Many historic structures from the late 1800's still remain, including Ebenezer Church, Bethel Church, the Silas M. Clark House, historic downtown Indiana, and the Smicksburg Amish Settlement. Browse a map of history sites in Indiana County to learn more.
In the early 1800s, the County's first major industry was manufacturing salt by evaporating salt water pumped from wells. The salt boom in the southwestern part of the County accounted for the name of the town of Saltsburg.
Bituminous coal was dug from exposed outcroppings as early as 1795, but there is no record of the date or location of the first mine. Coal mining soon rivaled farming as the backbone of the County's economy. Several iron furnaces were built in the 1830's and 1840's, but ceased operations when the timber that supplied charcoal gave out—a necessary ingredient in iron production.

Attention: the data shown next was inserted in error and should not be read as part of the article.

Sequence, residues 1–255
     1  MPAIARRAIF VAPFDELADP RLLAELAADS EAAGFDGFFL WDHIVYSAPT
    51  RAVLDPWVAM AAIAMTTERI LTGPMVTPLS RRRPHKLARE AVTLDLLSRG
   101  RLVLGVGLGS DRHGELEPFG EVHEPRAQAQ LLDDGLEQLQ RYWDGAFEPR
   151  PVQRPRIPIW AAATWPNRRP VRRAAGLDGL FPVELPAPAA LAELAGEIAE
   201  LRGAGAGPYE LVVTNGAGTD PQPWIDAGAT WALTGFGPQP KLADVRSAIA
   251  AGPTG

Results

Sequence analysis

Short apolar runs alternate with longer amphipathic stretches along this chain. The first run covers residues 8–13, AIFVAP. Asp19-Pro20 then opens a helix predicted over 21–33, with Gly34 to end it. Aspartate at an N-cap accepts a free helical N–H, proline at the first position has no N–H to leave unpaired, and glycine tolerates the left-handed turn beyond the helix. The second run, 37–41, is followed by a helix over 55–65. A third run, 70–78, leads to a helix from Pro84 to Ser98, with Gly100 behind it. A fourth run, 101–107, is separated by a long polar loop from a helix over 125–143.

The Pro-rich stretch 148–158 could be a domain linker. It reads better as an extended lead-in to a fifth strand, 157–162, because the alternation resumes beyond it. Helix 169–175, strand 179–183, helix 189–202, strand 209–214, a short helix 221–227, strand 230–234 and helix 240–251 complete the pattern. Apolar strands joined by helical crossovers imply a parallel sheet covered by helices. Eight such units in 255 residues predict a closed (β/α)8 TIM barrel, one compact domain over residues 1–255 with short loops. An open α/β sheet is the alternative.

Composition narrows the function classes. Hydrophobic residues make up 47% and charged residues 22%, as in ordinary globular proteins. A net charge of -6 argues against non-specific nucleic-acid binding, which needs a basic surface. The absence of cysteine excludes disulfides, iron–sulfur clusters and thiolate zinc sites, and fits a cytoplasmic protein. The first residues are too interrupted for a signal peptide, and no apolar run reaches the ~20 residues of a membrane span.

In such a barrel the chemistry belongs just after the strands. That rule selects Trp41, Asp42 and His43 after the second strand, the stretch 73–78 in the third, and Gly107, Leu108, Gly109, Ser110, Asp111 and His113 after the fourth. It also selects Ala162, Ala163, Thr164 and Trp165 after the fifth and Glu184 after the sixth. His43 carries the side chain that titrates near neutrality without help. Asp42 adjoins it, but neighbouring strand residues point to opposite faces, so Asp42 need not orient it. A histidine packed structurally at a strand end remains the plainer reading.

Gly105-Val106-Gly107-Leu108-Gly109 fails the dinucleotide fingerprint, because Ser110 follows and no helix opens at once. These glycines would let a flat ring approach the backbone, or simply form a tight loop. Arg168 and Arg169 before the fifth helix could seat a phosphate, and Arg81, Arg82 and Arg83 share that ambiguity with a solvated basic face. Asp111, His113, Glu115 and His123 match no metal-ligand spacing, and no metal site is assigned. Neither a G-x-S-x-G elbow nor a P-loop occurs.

By 1905, the production of coke (a coal product used in iron smelting) became a major industry with the construction of beehive ovens at Ernest and Coral. Another industry started in 1914, with the building of the McCreary tire plant in Indiana.
Development of Indiana County was closely linked to the production, processing and transportation of its abundant natural resources. In addition to agricultural activity, the extraction of vast resources of salt, coal, natural gas and timber guided Indiana County’s economic growth and cultural development, and has profoundly shaped the lands and people of the County.
A disastrous St. Patrick's Day flood in 1936 devastated the region, including parts of Pittsburgh. In 1946, the Army Corps of Engineers began constructing the Conemaugh Dam on the Conemaugh River near Blairsville. Several towns were demolished and moved, and two railroad tunnels and the old Pennsylvania Canal tunnel were sealed to make way for the giant project. The work took seven years to complete and is the largest flood control dam in the Allegheny River system.
(Excerpted from the Indiana County Historical Society)